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Man-charging-carQUEENSLAND-BASED electric vehicle charger manufacturer Tritium has raised $5 million in new capital so it can bring two new products to markets around the world.

The first is a new fast charger that is three times faster than the current world-leading Veefil model and will be compatible with the next wave of electric vehicles.

The second is a home or small office system that allows drivers to use the DC power in their vehicle’s battery to power their houses and also recharge their vehicle’s battery from their rooftop photo-voltaic arrays.

“Our current 50kW fast charger adds about 50km of travel to a vehicle battery every 10 minutes,” Tritium co-founder, managing director and chief executive officer David Finn told GoAuto.

“This new one will do 150kW, so you will get 150km every 10 minutes.”

Charged up: Tritium CEO David Finn (left) shows Queensland treasurer Curtis Pitt the latest in fast-charging technology.

Charged up: Tritium CEO David Finn (left) shows Queensland treasurer Curtis Pitt the latest in fast-charging technology.

Mr Finn said the faster recharging will make interstate travel more feasible for drivers and may help buyers overcome range anxiety.

“It starts to make interstate travel very acceptable. It affects the buying decision because people see the vehicles now and you can drive 120km and then you have to sit there for 20 minutes. Interstate is very difficult.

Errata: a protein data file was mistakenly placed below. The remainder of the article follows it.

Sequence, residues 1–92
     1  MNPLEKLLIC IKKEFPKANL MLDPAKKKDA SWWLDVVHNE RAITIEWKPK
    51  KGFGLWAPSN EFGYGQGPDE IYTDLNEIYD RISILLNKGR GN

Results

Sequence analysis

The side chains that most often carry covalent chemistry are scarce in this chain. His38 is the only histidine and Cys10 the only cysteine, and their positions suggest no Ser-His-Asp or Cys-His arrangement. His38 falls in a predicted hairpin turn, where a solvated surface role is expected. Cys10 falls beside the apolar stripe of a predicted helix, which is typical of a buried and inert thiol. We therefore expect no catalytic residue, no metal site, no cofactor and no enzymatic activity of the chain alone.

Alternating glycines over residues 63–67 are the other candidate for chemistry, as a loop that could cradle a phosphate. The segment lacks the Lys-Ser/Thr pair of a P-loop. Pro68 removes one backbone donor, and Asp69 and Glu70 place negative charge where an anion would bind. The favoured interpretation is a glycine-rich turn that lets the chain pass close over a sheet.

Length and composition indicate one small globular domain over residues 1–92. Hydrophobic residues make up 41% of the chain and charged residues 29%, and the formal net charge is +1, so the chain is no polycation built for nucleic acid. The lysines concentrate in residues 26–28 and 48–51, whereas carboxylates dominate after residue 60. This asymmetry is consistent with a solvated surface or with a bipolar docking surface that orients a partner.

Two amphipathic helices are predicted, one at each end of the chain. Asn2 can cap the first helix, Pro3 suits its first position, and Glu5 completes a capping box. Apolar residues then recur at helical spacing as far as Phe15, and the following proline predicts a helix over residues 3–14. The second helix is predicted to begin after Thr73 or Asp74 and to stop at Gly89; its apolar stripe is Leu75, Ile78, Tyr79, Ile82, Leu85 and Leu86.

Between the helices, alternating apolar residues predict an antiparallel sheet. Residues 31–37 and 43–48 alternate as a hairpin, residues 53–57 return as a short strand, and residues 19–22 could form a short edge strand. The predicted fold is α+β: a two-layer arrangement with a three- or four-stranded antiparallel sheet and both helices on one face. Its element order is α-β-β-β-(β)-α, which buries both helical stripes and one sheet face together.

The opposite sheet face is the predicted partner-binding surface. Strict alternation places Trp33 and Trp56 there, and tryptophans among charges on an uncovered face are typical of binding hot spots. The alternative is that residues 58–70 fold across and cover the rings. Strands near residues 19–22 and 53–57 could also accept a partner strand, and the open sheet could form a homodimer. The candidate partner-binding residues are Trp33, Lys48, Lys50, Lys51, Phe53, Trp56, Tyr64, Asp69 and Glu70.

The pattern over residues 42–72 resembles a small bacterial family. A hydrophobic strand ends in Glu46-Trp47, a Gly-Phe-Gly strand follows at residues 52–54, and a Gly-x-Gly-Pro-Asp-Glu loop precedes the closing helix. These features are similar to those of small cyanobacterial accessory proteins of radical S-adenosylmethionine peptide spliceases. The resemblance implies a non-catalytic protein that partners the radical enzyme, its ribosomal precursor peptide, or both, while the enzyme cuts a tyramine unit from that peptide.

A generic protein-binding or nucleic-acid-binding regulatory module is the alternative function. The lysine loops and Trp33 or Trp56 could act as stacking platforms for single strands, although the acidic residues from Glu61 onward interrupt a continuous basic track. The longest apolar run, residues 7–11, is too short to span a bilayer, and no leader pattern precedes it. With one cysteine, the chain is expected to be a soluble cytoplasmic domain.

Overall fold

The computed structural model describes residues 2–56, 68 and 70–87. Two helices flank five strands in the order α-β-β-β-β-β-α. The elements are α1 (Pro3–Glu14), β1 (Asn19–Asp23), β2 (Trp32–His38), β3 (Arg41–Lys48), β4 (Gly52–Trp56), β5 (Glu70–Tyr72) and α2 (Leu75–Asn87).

“It does affect the buying decision, even though you might only do it once every three years. It changes their mindset when they buy the car.”

The faster charge rate would also be useful around town, when people are working or doing their daily chores, according to Mr Finn.

“It will be useful for hub charging around cities to give people confidence and allow them to get bump charges as they move around destination locations: cafes, restaurants, shopping centres.

“That’s when need to do it quickly. And people are prepared to pay for that convenience.

They might pay almost as much as they pay for petrol because it’s convenient.

New-Image-Veefil-inSitu“They get their cheap charging at home, off peak, and a lot of the time – in the US especially – at the workplace they get free charging there as an incentive.”

Mr Finn said the whole electric vehicle (EV) industry was aware of the need to improve the technology.

“For mass adoption, all the vehicle manufacturers and us, as charger manufacturers, understand that that technology needs to improve, and that’s what we are doing.”

He said the new 150kW version of the Tritium fast charger would reach the market in the next six to 12 months.

However, Mr Finn said it was not the rated power of the fast charger that gave it its competitive advantage, as other chargers would be able to run at the same rate.

“The charge rate has to be compatible with the vehicle’s systems,” he said.

“The charger and the vehicle’s charging system have to work in concert. So we can’t put more current in than the vehicle manufacturer has designed the battery pack to take.

EV-Growth-Diagram“It’s a limited way to compete, on speed. That’s not really where the buying decision is made. It is usually made on how easy it is to maintain these things once they are in the ground. That’s important.”

Tritium’s advantage lies in its patented liquid-cooled transformer that works at high frequency. It weighs 12kg versus 200kg for a traditional transformer with a metal heat-sink.

The cooling is handled by a radiator made by PWR, another Brisbane-based company whose radiators are used in Formula One and other top-level motor sport.